Tens of millions of dollars in grants are now available to Maine child care providers. It’s a lot of money, and a worthy investment in an area central to the lives of so many Mainers – and the economy as a whole.

And it’s the first step in reforming an industry that right now works for no one.

The problems are not new. The high costs of providing labor-intensive child care mean parents pay a good chunk of their income even while facilities barely break even and employees get by on pay not much higher than minimum wage.

The COVID pandemic has only made matters worse. Some parents kept children home to protect them from the virus. Some child care workers made the same calculation for their own safety, or had to stay home themselves to watch their own children.

As a result, providers lost capacity, and thus the ability to earn enough money to keep going, even as supply chain woes raised their costs. A number of child care facilities closed, and those that remain open are often under capacity, and in any case struggling to get by.

For them, the $73 million in grants now available is some of the first good news in a long time.


Offered by the Mills administration with funding from the relief package passed by congressional Democrats in March, the grants can be used to lower the cost of care, make up for lost revenue and cover other qualifying COVID-related costs such as facility improvements, protective equipment and testing.

Importantly, grantees must also provide $200 monthly bonuses to staff members who work directly with children. The bonus is equal to a raise of about $1 per hour; the average hourly wage for child care workers in Maine is $13.84 an hour.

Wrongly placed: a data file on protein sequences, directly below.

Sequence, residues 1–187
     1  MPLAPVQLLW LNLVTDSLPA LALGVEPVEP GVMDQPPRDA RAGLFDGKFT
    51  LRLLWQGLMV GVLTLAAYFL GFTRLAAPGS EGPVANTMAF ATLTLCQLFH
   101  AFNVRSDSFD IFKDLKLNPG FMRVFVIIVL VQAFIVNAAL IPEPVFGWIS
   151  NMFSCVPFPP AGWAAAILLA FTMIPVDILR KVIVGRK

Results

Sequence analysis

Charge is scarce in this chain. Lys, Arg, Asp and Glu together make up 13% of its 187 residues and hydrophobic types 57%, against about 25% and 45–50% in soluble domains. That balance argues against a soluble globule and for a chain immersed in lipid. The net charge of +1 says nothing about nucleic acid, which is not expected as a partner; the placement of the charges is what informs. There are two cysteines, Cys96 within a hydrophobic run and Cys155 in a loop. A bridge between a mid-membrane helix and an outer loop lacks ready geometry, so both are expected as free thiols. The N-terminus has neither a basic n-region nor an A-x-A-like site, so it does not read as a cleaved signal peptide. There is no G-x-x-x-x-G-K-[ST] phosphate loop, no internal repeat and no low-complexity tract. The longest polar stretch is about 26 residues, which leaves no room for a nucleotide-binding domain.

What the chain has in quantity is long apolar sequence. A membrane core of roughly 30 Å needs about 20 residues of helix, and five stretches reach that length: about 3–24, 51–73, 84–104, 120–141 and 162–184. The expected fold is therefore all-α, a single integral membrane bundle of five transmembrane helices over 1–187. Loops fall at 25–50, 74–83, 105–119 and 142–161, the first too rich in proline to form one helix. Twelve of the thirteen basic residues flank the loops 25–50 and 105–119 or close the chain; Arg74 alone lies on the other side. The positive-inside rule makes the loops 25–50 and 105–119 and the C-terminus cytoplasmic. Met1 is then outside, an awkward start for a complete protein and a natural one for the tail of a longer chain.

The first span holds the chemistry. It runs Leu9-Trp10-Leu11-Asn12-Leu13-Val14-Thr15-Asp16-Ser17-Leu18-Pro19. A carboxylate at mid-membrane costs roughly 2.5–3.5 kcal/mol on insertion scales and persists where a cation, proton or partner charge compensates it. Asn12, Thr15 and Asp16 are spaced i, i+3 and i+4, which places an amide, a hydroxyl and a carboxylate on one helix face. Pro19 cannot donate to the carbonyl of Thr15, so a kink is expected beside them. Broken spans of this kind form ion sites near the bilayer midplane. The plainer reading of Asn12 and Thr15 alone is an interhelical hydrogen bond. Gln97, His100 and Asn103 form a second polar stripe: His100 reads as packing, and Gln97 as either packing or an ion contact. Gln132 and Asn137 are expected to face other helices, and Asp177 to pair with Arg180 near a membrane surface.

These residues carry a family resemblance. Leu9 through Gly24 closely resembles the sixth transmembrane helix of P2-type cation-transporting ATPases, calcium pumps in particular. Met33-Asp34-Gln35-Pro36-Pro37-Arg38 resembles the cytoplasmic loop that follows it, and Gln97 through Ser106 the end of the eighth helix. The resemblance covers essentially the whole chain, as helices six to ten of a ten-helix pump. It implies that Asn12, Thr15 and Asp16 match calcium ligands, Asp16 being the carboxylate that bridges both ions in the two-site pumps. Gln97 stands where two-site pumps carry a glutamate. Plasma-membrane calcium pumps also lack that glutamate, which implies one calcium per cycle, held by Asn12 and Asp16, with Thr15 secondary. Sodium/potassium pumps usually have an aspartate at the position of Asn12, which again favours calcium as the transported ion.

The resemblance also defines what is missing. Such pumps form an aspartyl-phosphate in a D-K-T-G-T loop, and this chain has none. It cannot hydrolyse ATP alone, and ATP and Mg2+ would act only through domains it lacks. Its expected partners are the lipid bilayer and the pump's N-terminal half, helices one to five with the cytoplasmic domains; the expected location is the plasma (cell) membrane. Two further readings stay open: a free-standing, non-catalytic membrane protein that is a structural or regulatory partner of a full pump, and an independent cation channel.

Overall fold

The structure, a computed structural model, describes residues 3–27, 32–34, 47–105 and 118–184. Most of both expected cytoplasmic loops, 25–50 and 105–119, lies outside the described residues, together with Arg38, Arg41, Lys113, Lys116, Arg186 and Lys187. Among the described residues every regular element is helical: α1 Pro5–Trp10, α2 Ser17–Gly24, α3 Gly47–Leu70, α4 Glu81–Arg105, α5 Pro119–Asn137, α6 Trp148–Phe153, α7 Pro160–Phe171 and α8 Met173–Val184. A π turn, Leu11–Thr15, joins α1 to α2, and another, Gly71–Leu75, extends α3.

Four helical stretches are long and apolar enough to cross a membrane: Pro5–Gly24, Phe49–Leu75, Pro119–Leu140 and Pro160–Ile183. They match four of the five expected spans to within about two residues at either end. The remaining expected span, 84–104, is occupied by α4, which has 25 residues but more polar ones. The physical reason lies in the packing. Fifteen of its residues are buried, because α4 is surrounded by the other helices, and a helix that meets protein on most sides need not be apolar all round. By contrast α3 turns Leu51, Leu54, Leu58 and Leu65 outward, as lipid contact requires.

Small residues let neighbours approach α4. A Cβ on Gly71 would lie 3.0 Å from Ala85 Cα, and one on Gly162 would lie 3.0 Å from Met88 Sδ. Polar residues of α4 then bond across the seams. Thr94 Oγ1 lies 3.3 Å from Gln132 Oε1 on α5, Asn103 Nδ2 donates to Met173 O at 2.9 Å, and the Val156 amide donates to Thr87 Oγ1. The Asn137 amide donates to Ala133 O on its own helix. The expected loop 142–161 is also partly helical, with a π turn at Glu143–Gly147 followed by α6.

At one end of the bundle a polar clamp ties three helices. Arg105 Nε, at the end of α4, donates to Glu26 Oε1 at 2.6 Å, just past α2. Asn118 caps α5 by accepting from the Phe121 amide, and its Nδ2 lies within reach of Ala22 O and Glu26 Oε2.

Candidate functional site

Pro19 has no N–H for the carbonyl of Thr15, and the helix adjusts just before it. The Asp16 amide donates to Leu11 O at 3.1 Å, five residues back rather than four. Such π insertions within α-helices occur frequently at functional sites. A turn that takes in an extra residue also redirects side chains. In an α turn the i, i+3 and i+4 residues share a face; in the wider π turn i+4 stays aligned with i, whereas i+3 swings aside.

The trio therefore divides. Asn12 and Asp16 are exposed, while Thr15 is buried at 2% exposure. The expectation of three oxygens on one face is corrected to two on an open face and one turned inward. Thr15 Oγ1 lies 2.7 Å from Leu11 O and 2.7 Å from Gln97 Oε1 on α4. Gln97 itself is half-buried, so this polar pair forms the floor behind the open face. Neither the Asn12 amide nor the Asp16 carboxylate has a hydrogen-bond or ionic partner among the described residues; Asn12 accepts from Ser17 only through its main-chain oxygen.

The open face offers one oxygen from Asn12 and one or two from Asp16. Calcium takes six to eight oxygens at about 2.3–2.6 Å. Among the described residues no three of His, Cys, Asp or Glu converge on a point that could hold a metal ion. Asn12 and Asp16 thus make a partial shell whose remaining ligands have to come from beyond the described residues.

It’s not enough for people entrusted with such an important role. But it might be enough to stop so many workers from leaving the industry. And the other supports in the program should help stabilize child care providers for the next year, as the grants are intended to do.

But if the help stops there, it won’t be long before we’ll be back in a full-blown crisis, with families and providers both squeezed. That won’t be good for anyone.

If it wasn’t clear before COVID, child care providers make every other industry possible. They allow parents, particularly women, to work, free at least for a shift from the responsibilities of home.

When child care became a struggle during the pandemic, many women had no choice but to stay home, and workforce participation for Maine women fell to its lowest in 30 years. Without a safe, affordable place to send their kids, women were left unable to work, contributing in a big way to the widespread worker shortage.


“It’s the workforce that supports the workforce in this state,” a longtime former provider told the Press Herald. “Without child care, the entire economy in the state of Maine is going to crash.”

Gov. Mills’ program will help support the industry now in a critical time of need. Other improvements already in the works, such as a new effort to invest in and improve child care programs throughout the state, should help too. President Biden’s American Families Plan contains tens of billions of dollars for child care, but it faces significant political hurdles.

There’s no doubt more will be needed, and it will likely have to include significant long-term public investment to lower costs and raise quality. Without that commitment, parents will go broke finding care for their kids, while good people will continue to leave the industry.

Employers of all kinds will continue to have trouble finding workers. And we’ll all suffer the consequences.


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